ISO/IEC 27046 — Information technology — Big data security and privacy — Implementation guidelines [DRAFT]
This standard is intended to help organizations implement the processes described in ISO/IEC 27045 in order to ensure the security and privacy of big data.
Scope and purpose
The standard will “address the key challenges and risks of big data security and privacy” by providing guidance on:
- [Identifying and] evaluating big data security and privacy risks;
- Implementing, [using, managing] and maintaining security and privacy controls [and other risk treatments?];
- Validating and verifying big data security and privacy arrangements [to gain assurance].
The audiences include:
- software and hardware providers constructing and securing big data frameworks;
- “application operators” (users?);
- big data providers and consumers;
- “industry to improve robustness and efficiency at the ecosystem level” (??) and to improve compatibility and inter-operation while diversifying choices of security products and reducing redundancy. [based on the 2nd Working Draft]
Content of the standard
Status of the standard
The project started in 2019.
It is currently at 2nd Working Draft stage.
The currently-adopted definition of ‘big data’ in the draft standard does not (in my personal opinion) reflect its widespread use in the IT industry at present, mostly because of the vagueness of ‘extensive’ which is essentially synonymous with, and adds little clarity to, plain ‘big’. ‘Big data’ is defined as:
“Extensive datasets - primarily in the characteristics of volume, variety, velocity, and/or variability - that require a scalable architecture for efficient storage, manipulation, and analysis. [Source: ISO/IEC 20546]”
Wikipedia is more helpful e.g.:
“Current usage of the term big data tends to refer to the use of predictive analytics, user behavior analytics, or certain other advanced data analytics methods that extract value from data, and seldom to a particular size of data set. "There is little doubt that the quantities of data now available are indeed large, but that's not the most relevant characteristic of this new data ecosystem." Analysis of data sets can find new correlations to "spot business trends, prevent diseases, combat crime and so on." Scientists, business executives, practitioners of medicine, advertising and governments alike regularly meet difficulties with large data-sets in areas including Internet searches, fintech, urban informatics, and business informatics. Scientists encounter limitations in e-Science work, including meteorology, genomics, connectomics, complex physics simulations, biology and environmental research.”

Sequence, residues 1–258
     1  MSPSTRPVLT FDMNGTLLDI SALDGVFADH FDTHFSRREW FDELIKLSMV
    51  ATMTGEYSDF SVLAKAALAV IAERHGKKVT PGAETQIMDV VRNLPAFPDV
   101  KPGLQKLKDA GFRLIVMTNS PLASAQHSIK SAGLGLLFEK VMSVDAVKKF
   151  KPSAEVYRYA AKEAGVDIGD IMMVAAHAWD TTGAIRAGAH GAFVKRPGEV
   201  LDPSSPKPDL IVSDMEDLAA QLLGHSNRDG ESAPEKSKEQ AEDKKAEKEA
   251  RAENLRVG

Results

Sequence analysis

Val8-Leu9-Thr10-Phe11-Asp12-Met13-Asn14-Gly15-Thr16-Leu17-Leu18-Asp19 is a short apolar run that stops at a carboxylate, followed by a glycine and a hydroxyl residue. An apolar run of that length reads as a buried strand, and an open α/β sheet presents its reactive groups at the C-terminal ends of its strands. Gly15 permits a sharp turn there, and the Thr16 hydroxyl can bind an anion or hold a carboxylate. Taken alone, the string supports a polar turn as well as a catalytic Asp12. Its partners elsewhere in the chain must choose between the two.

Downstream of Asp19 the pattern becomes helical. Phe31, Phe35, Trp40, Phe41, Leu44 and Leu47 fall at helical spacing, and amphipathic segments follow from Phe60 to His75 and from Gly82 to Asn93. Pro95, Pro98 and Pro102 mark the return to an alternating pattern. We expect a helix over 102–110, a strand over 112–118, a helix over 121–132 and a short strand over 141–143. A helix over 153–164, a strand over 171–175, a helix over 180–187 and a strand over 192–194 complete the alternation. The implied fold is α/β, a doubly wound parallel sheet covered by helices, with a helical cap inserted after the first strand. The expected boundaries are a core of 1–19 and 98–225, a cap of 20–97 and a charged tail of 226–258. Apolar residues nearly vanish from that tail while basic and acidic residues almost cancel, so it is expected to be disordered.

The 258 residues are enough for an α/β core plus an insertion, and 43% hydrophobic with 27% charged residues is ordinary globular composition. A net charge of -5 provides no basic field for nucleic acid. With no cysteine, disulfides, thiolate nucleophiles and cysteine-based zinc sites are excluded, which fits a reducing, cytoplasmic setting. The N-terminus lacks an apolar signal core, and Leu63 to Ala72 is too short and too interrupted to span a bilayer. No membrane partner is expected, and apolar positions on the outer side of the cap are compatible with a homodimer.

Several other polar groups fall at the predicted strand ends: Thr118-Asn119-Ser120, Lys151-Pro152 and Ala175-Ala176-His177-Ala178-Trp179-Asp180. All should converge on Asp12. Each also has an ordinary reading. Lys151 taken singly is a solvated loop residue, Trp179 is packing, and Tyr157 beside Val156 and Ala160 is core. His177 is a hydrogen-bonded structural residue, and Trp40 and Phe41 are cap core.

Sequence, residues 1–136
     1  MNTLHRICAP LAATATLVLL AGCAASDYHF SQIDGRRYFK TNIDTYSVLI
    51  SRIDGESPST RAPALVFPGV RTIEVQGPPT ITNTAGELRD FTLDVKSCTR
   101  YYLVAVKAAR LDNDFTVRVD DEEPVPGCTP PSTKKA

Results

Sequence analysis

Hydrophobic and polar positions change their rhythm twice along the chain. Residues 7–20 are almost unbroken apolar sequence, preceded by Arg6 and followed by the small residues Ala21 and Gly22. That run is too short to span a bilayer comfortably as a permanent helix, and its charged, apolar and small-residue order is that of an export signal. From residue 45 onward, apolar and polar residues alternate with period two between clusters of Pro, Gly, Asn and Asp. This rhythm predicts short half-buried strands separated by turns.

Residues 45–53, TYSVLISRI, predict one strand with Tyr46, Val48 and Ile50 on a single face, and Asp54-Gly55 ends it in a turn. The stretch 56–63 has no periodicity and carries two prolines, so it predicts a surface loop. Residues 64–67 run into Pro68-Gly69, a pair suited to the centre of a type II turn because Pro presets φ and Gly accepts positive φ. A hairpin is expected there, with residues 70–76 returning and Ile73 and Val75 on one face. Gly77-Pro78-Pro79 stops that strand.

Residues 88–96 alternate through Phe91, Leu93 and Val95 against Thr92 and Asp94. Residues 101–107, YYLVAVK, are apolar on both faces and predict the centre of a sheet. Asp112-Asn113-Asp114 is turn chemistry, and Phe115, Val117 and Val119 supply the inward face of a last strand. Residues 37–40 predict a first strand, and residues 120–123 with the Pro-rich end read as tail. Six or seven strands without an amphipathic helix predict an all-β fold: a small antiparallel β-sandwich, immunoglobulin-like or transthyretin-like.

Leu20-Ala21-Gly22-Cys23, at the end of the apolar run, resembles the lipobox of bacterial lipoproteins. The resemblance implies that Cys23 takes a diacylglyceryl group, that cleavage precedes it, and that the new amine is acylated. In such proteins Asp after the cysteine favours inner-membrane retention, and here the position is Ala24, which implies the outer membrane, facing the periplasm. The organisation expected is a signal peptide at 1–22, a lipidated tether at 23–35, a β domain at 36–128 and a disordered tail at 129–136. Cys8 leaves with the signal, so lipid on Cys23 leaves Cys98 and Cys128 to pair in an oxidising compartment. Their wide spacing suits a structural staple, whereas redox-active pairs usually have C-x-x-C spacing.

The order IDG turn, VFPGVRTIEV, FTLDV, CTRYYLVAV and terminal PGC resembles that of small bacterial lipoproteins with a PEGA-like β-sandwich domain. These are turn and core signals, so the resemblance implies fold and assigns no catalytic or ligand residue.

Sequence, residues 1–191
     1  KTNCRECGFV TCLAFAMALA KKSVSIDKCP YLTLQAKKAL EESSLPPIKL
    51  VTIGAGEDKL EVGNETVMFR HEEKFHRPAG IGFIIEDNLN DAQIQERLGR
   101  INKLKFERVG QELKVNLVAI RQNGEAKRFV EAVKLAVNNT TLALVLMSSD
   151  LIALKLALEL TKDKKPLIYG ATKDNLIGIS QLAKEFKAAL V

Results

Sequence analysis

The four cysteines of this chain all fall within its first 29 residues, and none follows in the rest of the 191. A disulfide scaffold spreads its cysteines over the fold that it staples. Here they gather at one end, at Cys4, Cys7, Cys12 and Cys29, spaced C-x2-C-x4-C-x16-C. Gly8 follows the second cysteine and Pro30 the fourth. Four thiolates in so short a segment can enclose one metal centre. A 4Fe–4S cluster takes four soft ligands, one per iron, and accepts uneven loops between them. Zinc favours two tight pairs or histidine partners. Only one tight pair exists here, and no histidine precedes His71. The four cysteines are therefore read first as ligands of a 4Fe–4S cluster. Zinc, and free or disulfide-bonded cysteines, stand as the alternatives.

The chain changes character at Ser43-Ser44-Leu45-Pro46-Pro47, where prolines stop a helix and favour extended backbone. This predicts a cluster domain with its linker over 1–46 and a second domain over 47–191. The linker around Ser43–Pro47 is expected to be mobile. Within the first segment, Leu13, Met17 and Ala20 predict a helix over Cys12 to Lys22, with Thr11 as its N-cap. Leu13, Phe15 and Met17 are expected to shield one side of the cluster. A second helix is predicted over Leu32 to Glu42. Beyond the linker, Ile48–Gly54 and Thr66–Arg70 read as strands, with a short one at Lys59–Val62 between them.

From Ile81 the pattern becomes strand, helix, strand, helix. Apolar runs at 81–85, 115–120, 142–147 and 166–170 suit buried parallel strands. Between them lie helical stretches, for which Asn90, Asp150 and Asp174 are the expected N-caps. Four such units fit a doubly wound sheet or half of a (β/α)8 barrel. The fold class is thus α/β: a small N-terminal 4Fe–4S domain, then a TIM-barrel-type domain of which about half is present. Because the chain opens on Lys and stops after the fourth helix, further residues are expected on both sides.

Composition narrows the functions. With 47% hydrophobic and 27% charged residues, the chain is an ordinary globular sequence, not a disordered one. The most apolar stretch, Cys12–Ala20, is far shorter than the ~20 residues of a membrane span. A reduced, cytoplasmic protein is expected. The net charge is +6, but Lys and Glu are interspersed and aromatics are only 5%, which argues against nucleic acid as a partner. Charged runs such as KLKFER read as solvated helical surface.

For me, one of the defining characteristics of big data is that typical (mostly relational) database management systems struggle or are unable to cope with the complexity and dynamics/volatility of truly massive data sets. Beyond the limits of their scalability, conventional architectures experience constraints and failures, no matter how much raw CPU power is thrown at the problems. That implies the need for fundamentally different approaches and I rather suspect entails novel information risks and hence security/privacy controls. However, it remains to be seen what this standard will actually address in practice: this is cutting-edge stuff.
< Previous standard ^ Up a level ^ Next standard >